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To pursue these objectives, FAO has identified the following four priority areas as the target of its gender mainstreaming efforts: food and nutrition, natural resources, agricultural support systems, and agricultural and rural development policy and planning.


Food security is defined by FAO not only in terms of access to, and availability of food, but also in terms of resource distribution to produce food and the purchasing power to buy food where it is not produced.

In some societies, women are the victims of food discrimination, whereby priority is given to feeding the male members of the family first, compromising the nutritional and health status of the female family members.

Although both rural women and men have different and complementary roles in guaranteeing food security at household and community levels, women often play a greater role in ensuring nutrition, food safety and quality and are generally responsible for processing and preparing food for their households and, thus, for the nutritional well-being of the household members.

Example of Planned Action

The Food and Nutrition Division will ensure generation, compilation and dissemination of dietary and nutritional status data disaggregated by sex for all age groups. Analysis of specific nutrition issues related to gender will be prepared and reported in the regular updates to Nutrition Country Profiles, and annually for the State of Food Insecurity in the World (SOFI) report.


The preservation of biological diversity, including plant and animal genetic resources is now widely recognized as critical to achieving food security. The rural poor, who have benefited least from modern high-yielding plant varieties and cannot afford external inputs (such as fertilisers, pesticides, high quality feeds, etc.), grow the majority of their crop from seeds that they have selected and stored themselves. Gender-differentiated local knowledge systems play a decisive role in the conservation, management and improvement of genetic resources for food and agriculture.

Example of Planned Action

Communication strategies for natural resource management developed by the Forest Resources Division (e.g. mountain, trees-outside-forest, forest management) will be gender-sensitive, promoting women’s and men’s access to gender-sensitive technologies and a more equitable share of responsibilities in watershed management, as well as equitable access to resources, in particular trees, and increased involvement in decision-making processes.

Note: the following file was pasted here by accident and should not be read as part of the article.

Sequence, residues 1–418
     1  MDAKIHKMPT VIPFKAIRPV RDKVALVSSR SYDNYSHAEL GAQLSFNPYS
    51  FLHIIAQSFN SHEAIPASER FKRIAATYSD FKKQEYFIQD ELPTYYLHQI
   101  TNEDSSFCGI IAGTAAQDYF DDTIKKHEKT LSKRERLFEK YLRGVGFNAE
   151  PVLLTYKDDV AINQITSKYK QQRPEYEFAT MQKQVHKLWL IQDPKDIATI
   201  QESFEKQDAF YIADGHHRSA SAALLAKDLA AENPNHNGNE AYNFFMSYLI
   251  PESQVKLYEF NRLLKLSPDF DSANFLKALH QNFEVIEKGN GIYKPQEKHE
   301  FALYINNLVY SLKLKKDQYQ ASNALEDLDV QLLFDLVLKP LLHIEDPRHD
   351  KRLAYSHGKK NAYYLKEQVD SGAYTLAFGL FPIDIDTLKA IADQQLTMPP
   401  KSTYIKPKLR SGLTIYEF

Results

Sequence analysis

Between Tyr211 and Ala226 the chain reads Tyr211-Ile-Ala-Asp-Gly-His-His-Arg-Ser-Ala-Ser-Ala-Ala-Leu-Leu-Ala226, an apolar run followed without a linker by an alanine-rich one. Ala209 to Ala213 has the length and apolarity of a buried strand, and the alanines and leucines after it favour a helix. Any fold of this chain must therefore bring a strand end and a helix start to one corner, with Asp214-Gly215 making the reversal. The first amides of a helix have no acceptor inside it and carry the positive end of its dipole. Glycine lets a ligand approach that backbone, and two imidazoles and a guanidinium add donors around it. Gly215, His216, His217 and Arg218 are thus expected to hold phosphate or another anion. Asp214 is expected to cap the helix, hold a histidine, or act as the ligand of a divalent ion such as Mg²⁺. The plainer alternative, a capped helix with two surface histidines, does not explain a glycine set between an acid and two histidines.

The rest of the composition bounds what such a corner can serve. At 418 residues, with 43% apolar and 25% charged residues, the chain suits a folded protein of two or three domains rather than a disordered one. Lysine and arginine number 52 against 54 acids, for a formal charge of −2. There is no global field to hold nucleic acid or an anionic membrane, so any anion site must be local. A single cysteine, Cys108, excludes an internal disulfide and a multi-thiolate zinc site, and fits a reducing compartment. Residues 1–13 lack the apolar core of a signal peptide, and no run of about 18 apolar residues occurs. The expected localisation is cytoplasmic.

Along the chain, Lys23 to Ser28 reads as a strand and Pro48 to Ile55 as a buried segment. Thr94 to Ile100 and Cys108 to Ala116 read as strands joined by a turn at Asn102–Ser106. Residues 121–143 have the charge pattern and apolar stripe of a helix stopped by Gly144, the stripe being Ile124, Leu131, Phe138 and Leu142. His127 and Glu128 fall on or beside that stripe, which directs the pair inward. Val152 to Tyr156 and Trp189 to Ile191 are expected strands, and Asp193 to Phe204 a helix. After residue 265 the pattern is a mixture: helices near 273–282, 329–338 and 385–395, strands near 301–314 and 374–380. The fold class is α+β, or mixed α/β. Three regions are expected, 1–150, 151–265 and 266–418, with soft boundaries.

The division of labour between women and men in agricultural production varies considerably from region to region and community to community. However, it is usually men who are responsible for large-scale cash cropping, especially when it is highly mechanised, while women take care of household food production and small-scale cultivation of cash crops, requiring low levels of technology.

Increased access to agricultural support systems, including credit, rural organizations, technology, education, extension and marketing services, is essential to improving the agricultural productivity of both women and men farmers. Given women’s crucial role in production, provision and processing of food, any set of strategies for sustainable food security must address their limited access to productive resources.

Example of Planned Action

The Research, Extension and Training Division will develop methodologies for assessing: information needs of research, extension and education systems and users; gender-sensitive information, communication and technology (ICT) applications and content; training materials for distance learning.


The lack of gender-specific information of the role people play in achieving food security and agricultural development have led to the fact that the ‘human factor’ has often been overlooked by agricultural development planners. Development policy-making processes are promoting greater participation of stakeholders in planning and decision-making at all levels, expanding the role of the private sector, and increasing decentralization in decision-making.

Empowerment is needed for rural women and men to take development into their hands, and capacity still needs to be built to provide the fundamental basis for their full participation at all levels.

Example of Planned Action

With the aim of enhancing national policies in the fishery sector, the Fishery Policy and Planning Division will monitor and report information considered essential as a guide to major policy decisions on global fisheries management and aquaculture, taking into account gender issues and recognizing the need for adequate data on the role of women and men in the fisheries sector.

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